ACON is warning of a serious outbreak of drug resistant shigella, which causes bowel infections marked by vomiting, stomach cramps, diarrhoea, fever and nausea.
Shigella can cause infection when small, contaminated particles of fecal matter enter the mouth – meaning those who engage in practices like rimming are more susceptible.
A strain of the bacteria has been found in New South Wales which is resistant to the recommended oral antibiotics used to treat the infection.
Intravenous antibiotics given in hospital have been recommended to treat the drug-resistant infections.
ACON CEO Nicolas Parkhill said the oral passage of the the bacteria can occur beyond just engaging in rimming.
“[The bacteria’s spread] can happen through sexual contact such as rimming, by getting infected faeces on your fingers and then touching your mouth or by putting contaminated objects like food, pens and cigarettes into your mouth.
“If you experience symptoms, it’s important that you see your doctor so you can get tested and be treated,” he said.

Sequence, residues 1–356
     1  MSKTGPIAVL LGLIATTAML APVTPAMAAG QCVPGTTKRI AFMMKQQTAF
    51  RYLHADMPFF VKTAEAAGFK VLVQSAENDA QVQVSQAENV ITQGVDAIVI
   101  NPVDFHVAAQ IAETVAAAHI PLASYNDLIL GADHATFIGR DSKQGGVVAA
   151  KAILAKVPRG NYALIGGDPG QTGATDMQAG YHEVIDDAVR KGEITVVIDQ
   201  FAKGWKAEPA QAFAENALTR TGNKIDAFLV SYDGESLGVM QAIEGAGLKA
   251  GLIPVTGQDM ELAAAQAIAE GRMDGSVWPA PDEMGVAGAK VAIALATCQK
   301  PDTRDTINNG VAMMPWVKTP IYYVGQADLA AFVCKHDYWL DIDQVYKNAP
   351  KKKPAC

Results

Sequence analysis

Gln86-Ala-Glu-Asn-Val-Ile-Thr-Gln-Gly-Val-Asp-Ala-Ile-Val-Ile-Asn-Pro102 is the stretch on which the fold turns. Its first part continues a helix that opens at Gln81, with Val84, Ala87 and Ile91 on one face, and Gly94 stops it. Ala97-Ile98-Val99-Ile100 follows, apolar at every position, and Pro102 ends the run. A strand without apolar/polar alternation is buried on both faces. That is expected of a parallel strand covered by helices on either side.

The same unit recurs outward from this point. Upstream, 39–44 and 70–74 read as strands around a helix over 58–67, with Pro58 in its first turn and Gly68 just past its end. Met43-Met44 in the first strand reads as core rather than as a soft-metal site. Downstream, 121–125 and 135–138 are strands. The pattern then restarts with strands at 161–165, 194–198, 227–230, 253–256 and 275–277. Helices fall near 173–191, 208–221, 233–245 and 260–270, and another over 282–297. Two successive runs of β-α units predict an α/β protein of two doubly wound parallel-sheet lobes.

Craig Cooper, CEO at Positive Life NSW, warned that shigella can affect people living with HIV (PLHIV) more seriously.
“The symptoms of shigella can be worse for people with compromised immune systems, such as those with HIV, and this may result in hospitalisation,” he said.
Among 91 cases of shigellosis reported between November 2017 and April 2018, 31 per cent of instances involved a multi-drug resistant strain of the bacteria.
“However, it is likely the notifications aren’t reflective of the actual number of people with the infection, as many people sick with shigella will recover without seeing a doctor or getting tested,” NSW Health Medical Epidemiologist Dr Christine Selvey.
“We want gay men to be aware of ways that can reduce the risk of getting and spreading shigella.
“The most effective way is to wash hands thoroughly with soap and water after any sexual activity, touching equipment like used condoms and sex toys, going to the toilet, and before handling food,” she said.
Because shigella is highly contagious, it is advised that anyone affected avoid sex while experiencing symptoms and for a week after they have cleared.
A similar outbreak occurred in 2016, though in that instance the shigella was not identified as being antibiotic resistant.
For more information, visit the Ending HIV website.